Old Government Road

    • Old Government Road, Lancaster Hill roadside park 30.5 miles west of Ozona on U.S. 290, linked Army posts between Fort Clark and Fort Stockton.

      • Route of march and troop supply on Texas frontier. Followed in part pre-Columbian Indian trails and "Old Chihuahua Trail" that ran from San Antonio to El Paso and Mexico. In 1840s this was extended to Gulf Coast Port of Indianola where imported goods arrived from the United States and Europe, and were freighted out to be exchanged in Chihuahua for ore of silver and gold, leather goods, and other products. In 1848 water holes and camp sites were marked as this road was re-charted for use of U.S. troops sent to protect Texas frontiers from Indian invasions. Army posts were built along this road: Fort Clark, between San Antonio and Del Rio, 1852; Fort Davis, in the Davis Mountains, 1854; Camp Lancaster, at this site, became Fort Lancaster in 1856. Camp Hudson and Fort Stockton were founded in 1857 and 1859. With all the army traffic, trail won new name of "Government Road." Pioneer settlers, adventurers, California-bound gold seekers--even camel trains in government service--traveled this road in spite of frequent encounters with Comanches, Apaches, Kiowas, and other Indians. The Army finally stationed troops in continuous picket line from San Antonio to El Paso. However, it was not until 1870 that relatively safe passage was assured.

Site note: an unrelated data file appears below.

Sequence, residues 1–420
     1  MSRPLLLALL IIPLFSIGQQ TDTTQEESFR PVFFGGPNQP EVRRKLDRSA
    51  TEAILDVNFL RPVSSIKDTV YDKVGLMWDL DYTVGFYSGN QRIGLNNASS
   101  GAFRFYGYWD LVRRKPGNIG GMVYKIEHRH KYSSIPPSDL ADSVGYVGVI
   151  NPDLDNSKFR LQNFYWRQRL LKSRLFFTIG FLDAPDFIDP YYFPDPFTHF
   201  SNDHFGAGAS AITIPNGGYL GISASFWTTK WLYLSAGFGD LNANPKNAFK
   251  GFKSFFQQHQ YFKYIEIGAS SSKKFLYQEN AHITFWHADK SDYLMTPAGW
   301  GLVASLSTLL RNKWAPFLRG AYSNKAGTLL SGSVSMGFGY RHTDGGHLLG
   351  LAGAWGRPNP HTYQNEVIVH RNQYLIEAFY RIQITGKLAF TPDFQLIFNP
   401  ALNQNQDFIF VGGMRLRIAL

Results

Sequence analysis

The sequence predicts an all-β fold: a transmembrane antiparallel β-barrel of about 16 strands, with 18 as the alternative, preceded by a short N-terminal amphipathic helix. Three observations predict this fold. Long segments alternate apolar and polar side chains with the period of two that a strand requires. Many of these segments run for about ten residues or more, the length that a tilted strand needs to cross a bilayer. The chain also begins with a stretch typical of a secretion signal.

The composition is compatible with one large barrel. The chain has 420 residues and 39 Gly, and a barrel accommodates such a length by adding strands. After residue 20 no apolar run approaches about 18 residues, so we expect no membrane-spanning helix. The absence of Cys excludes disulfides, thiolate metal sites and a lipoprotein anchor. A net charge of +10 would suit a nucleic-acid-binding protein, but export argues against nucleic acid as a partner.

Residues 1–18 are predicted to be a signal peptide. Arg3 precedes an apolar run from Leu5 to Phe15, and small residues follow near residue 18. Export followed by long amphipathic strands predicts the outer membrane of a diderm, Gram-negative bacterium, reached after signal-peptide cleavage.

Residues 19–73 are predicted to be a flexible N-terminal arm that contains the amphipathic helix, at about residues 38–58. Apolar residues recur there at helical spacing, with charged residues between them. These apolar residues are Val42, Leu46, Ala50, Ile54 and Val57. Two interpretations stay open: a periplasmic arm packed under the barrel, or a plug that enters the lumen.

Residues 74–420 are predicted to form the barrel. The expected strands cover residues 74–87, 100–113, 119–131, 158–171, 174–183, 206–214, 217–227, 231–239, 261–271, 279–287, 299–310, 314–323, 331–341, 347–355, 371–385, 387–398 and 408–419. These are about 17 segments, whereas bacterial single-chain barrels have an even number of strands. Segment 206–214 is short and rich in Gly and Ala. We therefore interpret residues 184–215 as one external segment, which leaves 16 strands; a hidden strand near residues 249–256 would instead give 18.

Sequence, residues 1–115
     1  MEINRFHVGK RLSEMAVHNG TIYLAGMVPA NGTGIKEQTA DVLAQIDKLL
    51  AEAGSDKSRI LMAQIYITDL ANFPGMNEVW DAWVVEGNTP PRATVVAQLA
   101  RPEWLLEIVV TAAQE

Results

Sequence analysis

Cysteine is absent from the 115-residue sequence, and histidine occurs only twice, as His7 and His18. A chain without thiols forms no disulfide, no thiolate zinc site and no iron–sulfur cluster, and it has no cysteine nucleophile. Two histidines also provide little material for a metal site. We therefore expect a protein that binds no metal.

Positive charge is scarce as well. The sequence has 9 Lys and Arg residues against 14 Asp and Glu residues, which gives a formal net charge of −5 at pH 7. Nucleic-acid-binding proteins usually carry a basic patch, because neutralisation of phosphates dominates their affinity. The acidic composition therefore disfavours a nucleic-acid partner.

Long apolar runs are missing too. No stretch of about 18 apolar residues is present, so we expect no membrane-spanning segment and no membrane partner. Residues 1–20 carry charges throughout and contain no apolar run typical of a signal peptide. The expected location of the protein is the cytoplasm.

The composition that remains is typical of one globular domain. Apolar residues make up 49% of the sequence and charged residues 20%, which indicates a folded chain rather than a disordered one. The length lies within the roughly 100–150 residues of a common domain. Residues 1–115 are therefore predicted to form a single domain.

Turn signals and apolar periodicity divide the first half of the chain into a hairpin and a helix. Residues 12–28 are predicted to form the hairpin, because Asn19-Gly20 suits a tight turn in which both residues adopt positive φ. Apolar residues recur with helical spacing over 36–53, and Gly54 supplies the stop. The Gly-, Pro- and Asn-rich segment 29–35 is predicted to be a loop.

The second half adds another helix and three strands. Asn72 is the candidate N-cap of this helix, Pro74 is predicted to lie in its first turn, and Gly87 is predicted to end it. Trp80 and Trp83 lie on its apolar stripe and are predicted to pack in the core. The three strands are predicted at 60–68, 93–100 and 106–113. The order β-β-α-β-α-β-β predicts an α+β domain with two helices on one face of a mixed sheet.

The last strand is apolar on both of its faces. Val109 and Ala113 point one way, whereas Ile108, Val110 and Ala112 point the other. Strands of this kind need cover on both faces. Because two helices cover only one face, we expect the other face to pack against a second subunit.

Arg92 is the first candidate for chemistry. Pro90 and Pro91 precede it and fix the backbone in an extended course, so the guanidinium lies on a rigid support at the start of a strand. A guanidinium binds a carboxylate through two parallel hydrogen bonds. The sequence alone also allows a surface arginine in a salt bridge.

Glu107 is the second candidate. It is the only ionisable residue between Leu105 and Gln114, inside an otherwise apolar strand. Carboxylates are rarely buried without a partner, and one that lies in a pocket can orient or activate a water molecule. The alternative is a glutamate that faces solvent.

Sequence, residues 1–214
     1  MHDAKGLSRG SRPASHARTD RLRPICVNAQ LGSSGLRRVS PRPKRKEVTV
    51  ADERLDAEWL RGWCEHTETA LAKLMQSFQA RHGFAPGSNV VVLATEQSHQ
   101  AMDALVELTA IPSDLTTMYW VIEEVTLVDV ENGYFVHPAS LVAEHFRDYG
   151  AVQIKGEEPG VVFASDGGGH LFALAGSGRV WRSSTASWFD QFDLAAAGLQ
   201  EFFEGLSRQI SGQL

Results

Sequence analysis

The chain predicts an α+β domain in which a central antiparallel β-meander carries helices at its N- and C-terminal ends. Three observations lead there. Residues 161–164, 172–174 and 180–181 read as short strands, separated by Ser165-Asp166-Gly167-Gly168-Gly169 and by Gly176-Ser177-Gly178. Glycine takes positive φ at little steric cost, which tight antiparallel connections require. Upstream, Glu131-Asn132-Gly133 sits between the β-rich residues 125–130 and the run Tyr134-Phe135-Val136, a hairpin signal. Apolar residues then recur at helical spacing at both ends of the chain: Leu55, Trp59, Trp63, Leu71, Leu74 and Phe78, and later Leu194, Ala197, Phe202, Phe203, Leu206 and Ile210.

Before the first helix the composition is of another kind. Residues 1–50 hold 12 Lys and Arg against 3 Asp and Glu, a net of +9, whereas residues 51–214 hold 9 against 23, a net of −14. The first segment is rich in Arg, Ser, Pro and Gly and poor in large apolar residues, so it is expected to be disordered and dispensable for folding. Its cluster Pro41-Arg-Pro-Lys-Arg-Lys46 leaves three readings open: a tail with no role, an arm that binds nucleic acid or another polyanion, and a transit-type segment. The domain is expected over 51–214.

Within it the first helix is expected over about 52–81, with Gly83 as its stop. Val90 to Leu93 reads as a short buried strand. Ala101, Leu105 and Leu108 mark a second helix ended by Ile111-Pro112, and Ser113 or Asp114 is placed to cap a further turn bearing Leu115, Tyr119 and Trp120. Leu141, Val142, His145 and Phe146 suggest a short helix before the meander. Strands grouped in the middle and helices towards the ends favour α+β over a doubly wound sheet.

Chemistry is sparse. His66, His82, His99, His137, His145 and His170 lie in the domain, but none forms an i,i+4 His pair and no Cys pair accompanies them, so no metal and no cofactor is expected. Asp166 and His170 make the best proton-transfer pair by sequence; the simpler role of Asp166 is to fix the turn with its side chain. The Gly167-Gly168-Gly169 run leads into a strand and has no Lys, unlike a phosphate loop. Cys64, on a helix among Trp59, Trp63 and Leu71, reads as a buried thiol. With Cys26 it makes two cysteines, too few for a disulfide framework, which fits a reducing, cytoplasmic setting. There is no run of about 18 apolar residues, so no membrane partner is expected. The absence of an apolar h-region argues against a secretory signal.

Back to Markers

Back to Main Page

TXGenWeb Project

We Love RootsWeb